Senate Suspends Earmark Spending for Two Years

The man in charge of doling out federal dollars in the Senate, Appropriations Committee Chairman Daniel Inouye, D-Hawaii, announced Tuesday that his committee will implement a moratorium on earmarks for the next two fiscal years.

House Republicans swore off earmarks as part of their rules package after taking back the majority. GOPers in the Senate also vowed to abstain from the practice. On the Democratic side of the ledger, President Obama told Congress during his State of the Union address that he would veto bills that contain earmarks.

Those actions, Inouye said in a statement, forced the appropriator's hand, "Given the reality before us, it makes no sense to accept earmark requests that have no chance of being enacted into law."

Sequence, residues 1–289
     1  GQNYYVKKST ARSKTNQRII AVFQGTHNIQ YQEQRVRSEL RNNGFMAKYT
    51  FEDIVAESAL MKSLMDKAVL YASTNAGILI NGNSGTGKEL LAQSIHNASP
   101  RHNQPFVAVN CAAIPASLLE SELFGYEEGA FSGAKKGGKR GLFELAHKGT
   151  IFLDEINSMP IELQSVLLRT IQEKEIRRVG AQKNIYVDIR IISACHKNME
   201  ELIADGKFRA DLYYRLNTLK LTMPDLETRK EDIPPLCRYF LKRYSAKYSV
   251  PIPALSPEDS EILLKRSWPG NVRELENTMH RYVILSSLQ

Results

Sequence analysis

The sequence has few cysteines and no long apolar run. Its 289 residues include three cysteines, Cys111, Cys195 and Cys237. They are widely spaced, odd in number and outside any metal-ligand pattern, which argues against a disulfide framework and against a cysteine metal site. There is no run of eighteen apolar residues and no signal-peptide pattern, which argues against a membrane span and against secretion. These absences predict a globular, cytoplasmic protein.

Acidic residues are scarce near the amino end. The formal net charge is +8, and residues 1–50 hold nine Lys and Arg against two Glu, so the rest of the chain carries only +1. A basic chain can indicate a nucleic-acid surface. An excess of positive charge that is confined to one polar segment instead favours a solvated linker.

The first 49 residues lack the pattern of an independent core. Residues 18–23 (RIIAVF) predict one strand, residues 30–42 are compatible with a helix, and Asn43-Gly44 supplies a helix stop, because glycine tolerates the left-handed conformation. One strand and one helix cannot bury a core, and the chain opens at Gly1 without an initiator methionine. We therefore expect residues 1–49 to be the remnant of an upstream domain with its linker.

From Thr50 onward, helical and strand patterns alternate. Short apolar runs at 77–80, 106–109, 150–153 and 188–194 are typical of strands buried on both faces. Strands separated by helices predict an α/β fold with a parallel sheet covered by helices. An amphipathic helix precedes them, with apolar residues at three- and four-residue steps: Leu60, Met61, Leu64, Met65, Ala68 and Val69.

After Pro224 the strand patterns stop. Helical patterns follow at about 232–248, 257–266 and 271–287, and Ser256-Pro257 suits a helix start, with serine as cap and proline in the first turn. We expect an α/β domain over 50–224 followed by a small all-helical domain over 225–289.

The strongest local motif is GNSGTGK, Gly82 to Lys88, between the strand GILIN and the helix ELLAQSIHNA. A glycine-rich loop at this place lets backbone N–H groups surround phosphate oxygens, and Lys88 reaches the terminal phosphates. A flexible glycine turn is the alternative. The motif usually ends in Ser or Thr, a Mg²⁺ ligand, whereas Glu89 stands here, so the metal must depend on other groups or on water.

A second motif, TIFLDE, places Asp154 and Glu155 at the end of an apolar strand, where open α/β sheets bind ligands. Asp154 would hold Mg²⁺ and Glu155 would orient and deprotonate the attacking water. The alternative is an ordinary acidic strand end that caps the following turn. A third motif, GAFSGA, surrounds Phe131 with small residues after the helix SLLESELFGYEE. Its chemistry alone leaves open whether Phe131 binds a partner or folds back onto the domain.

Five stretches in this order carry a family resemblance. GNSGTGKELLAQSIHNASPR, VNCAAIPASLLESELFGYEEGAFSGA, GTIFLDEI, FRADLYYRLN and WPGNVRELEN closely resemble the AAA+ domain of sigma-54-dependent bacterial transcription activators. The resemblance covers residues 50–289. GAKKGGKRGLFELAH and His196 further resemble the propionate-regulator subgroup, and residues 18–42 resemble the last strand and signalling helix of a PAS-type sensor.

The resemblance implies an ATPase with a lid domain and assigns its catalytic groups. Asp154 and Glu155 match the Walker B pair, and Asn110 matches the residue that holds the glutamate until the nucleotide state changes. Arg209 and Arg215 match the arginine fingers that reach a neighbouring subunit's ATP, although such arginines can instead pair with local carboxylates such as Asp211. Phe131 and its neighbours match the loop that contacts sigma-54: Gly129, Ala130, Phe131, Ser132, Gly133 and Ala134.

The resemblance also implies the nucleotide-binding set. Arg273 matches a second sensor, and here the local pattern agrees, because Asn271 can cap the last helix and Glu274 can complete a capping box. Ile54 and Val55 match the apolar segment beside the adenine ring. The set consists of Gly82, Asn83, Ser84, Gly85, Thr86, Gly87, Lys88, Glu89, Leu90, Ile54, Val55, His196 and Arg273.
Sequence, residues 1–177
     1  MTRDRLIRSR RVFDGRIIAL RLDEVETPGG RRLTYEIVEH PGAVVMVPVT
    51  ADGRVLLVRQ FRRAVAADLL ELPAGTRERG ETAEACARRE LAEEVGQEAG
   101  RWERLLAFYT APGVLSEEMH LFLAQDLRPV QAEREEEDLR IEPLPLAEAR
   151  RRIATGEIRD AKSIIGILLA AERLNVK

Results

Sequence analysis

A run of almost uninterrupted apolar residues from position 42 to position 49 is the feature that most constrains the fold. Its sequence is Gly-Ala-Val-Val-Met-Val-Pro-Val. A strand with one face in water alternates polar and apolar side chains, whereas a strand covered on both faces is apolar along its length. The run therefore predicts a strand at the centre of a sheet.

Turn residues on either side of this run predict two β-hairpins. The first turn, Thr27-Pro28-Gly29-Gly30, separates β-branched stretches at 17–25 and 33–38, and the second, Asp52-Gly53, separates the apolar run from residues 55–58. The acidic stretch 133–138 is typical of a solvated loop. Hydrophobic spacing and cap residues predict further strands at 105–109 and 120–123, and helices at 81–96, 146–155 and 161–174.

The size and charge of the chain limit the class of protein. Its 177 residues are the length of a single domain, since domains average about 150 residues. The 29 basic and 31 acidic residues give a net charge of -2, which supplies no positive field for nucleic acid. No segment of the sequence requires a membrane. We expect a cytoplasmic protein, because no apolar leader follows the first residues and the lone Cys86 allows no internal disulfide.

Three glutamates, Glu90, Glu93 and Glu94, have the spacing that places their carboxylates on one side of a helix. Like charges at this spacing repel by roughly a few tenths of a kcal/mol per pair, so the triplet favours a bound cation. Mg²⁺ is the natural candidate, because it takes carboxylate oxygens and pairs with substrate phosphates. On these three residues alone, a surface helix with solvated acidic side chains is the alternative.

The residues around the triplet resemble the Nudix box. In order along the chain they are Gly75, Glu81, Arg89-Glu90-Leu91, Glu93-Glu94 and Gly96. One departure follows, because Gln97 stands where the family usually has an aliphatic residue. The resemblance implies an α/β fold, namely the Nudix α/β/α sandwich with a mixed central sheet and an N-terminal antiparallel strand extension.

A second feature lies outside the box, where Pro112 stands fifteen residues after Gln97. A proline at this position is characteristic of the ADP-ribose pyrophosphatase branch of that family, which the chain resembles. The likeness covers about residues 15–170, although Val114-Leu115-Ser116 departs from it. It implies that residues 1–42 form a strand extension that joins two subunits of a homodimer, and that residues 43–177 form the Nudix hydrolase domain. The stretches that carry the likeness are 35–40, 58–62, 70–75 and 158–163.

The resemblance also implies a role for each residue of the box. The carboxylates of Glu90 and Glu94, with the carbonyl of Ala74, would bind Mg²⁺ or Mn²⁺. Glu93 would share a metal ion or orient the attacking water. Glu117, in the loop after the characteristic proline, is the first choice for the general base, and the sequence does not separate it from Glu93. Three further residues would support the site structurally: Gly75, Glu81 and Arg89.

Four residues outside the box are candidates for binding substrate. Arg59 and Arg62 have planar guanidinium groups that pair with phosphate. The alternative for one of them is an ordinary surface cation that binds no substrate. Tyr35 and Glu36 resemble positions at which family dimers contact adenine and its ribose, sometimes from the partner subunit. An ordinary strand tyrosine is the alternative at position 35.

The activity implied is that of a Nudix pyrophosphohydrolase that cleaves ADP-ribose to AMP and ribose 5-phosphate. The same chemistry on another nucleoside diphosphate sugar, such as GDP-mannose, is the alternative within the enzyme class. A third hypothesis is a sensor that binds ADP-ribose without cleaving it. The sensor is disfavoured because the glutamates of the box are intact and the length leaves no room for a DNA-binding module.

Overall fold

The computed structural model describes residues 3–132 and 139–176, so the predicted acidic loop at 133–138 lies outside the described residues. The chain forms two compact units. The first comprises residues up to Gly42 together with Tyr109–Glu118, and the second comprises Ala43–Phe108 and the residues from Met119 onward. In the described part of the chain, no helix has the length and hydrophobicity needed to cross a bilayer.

It is a stunning reversal for a man who has long prided himself on his ability to bring money back to his home state. According to government tracking site Legistorm, Sen. Inouye sponsored over $2.7 billion in earmarks between fiscal years 2008 and 2010.

Though earmarks are out for now, Inouye left the door open for a reexamination of the ban at a later date. "We will most certainly revisit the issue and explore ways to improve the earmarking process," he promised. The World War II Army hero also took the opportunity to fire back at earmark opponents, including those in his own party, "At the appropriate time, I will once again urge the Senate to consider a transparent and fair earmark process that protects our rights as legislators to answer the petitions of our constituents, regardless of what the President or some Federal (sic) bureaucrat thinks is right."